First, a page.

“Retribution was the order of the day, especially in the mindset of a nation [N.B. Germany] that, over the past century, has accepted its collective punishment gracefully and managed to rise out of the mire through sheer hard work and extensive reform. Greece should pay for its sins too. For Germans, the cost of saving the Greek state from the clutches of the money markets was not the issue. The issue was that Greece should suffer a deserved punishment for putting at risk a club which gallantly bent the rules to have it admitted as its member. And when the said club is the one issuing the currency in which the German people trade, save and take collective pride, that punishment took on the significance of a crucial bonding ritual.”

Kantoos Economics, again, took me to task for these lines: “This is just flat-out wrong,” he said, adding: “And offensive. Germany’s motivation was never retribution. Many German policy makers simply misdiagnosed the crisis as one of public debt alone and argued, correctly according to their diagnosis, that Greece should simply spend less and tax more to get out of it.” I beg to differ. While my 1st Principle bans me from generalisation, this ban cuts both ways: if Germany’s view is not monolithic it can neither be said to seek retribution (against Greece) nor to not seek it! Nonetheless, it is perfectly legitimate to perform the following mental experiment: Suppose that there were a button that the German Chancellor could press to make the Greek debt and the Greek current account deficit go away without any pain for the Greek people. Would a majority of German voters want Mrs Merkel to press it? Or would they prefer a significantly less efficient outcome (in terms of combating the Greek crisis), which is accompanied by significant hardship for the Greeks?

I have no doubt that both the German public and a large majority of German policy makers would opt for the latter, motivated by a mixture of (a) an urge to see that the Greeks are ‘taught’ a lesson (retribution) and (b) a view that such pain is important to deter the spendthrift Greeks (and assorted Peripherals) from repeating their ‘sins’ in the future. In this sense, my statement that Germany seeking ‘retribution’ was a prime mover behind the Greek bailout package is utterly legitimate. Having said that, in order to prevent feeding others’ penchant for racist anti-German views, if I were to edit that quotation, I would have replaced “Germans” with “mainstream conventional views in Germany”.

Finally, the 3rd Principle calls for a constant drive to criticise our own criticisms of Germany; to keep on our toes about the possibility that our critical assessment of the Eurozone’s most significant member-state is flawed. Without such self-critical posture, our criticism is bound to verge into the realm of both moralising nonsense and analytical paucity.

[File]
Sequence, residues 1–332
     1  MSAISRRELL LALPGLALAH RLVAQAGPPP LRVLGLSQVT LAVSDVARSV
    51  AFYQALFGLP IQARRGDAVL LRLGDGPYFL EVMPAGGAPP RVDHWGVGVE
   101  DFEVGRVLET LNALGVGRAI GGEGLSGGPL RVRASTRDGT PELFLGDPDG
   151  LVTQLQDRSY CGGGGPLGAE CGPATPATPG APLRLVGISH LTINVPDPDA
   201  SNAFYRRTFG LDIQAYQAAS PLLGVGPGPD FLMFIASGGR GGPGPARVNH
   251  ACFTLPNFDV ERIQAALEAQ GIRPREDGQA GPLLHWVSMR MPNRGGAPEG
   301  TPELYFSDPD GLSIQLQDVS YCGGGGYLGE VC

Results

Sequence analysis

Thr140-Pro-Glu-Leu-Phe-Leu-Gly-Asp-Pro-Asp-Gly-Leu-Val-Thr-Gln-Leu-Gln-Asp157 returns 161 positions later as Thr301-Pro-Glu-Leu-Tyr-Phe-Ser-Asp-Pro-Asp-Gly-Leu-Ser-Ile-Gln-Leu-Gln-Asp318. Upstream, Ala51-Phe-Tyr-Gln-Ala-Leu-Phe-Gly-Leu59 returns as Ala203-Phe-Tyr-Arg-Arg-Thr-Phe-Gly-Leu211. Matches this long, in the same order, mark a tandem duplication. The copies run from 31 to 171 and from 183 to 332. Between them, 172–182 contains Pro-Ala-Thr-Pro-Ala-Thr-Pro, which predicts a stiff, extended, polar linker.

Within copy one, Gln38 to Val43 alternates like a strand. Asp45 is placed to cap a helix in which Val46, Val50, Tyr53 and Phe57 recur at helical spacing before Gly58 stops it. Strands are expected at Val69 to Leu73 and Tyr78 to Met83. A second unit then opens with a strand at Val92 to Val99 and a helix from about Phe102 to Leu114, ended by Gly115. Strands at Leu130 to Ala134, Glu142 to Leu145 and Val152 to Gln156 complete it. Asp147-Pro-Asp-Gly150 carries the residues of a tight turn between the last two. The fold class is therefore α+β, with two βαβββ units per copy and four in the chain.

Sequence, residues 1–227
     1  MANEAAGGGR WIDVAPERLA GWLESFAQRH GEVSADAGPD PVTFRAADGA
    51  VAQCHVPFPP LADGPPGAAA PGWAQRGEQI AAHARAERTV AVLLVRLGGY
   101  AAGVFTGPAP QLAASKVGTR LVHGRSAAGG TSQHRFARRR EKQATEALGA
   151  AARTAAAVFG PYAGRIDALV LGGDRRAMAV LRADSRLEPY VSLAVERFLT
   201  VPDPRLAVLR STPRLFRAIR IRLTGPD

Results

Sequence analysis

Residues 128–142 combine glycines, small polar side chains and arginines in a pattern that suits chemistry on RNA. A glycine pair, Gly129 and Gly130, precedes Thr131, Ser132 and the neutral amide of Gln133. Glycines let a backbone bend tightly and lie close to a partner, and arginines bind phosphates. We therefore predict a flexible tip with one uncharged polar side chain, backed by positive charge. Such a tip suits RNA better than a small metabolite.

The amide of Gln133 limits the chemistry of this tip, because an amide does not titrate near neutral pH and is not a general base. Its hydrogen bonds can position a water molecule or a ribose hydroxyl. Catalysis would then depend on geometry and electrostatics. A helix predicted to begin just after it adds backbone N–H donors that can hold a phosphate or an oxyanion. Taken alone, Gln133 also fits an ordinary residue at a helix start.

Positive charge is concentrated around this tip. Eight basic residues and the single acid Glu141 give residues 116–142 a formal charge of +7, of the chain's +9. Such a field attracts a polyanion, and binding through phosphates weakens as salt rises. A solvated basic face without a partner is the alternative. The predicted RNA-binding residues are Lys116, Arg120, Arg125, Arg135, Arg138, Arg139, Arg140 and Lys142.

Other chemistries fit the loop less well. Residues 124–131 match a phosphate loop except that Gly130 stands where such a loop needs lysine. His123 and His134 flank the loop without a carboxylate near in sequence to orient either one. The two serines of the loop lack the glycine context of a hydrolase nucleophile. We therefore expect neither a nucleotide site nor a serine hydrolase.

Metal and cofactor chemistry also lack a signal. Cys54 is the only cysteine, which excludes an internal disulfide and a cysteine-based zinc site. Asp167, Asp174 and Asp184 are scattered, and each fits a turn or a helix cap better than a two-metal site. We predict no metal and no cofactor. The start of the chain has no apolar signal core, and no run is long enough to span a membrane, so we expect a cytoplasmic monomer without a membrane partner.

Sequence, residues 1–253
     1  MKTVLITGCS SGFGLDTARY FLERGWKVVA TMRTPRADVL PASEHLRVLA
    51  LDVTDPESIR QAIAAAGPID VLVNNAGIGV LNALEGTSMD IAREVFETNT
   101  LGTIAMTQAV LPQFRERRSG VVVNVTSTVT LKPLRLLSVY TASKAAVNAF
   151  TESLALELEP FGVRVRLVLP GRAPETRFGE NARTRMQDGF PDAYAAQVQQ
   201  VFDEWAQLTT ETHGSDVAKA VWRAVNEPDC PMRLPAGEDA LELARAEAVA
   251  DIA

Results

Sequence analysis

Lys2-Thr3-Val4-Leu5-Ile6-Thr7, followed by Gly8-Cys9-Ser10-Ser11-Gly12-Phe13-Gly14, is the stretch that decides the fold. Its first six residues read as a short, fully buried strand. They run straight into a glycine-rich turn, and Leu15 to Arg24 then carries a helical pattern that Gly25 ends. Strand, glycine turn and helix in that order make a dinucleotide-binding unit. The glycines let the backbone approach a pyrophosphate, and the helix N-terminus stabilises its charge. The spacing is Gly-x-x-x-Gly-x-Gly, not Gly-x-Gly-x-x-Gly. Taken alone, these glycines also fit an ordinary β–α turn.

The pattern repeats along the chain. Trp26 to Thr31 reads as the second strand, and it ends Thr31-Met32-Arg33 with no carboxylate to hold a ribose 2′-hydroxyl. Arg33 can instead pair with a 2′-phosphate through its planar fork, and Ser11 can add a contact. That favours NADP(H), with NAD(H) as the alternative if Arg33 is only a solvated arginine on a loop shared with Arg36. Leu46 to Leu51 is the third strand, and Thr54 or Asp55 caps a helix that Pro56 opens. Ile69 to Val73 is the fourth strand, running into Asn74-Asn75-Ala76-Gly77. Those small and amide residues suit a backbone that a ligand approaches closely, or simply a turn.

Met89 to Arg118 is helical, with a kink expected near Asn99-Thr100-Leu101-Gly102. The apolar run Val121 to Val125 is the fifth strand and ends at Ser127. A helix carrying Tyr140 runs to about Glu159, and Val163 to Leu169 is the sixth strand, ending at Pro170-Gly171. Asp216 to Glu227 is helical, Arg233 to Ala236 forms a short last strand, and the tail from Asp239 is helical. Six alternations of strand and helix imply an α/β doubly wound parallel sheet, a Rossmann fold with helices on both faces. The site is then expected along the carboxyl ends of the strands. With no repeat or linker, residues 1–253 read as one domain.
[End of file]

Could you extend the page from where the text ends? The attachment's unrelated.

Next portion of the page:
Lastly, turning one last time to my two year old (plus) piece on Germany’s mindset when the bailout conditions were imposed on Greece back in May 2010, and reading it again in the context of the three principles in this article, I am pleased that it seems to pass this new test. Here is how it concludes:

“In this context, turning countries like Greece into sundrenched wastelands, and forcing the rest of the Eurozone into an even faster debt-deflationary downward spiral, is a most efficient way of undermining Germany’s own economy. Assuming, for argument’s sake, that Greece is getting its just deserts, do the hard working Germans deserve a political elite that quick-marches them straight into economic catastrophe? I do not believe they do. But it has happened before and it may happen again. To quote Keynes’s 1920 book on the Versailles Treaty one last time: ‘Perhaps it is historically true that no order of society ever perishes save by its own hand.’”

Two years on, Greece has been turned into a sundrenched wasteland. And the rest of the Eurozone has been (and is being) pushed into a debt-deflationary downward spiral. Moreover, these developments are now undermining Germany’s own economy, plunging German workers into an economic catastrophe that they do not deserve. Such criticism of Germany, free of generalisations, predictively accurate, and displaying equal concern for German workers and the pains of the Periphery, is analytically useful because it is ethically and politically legitimate. I stand convinced that the three principles outlined here help us achieve this benign balance when subjecting proud nations to critical scrutiny. {jathumbnailoff}

Image top: slowafternoon.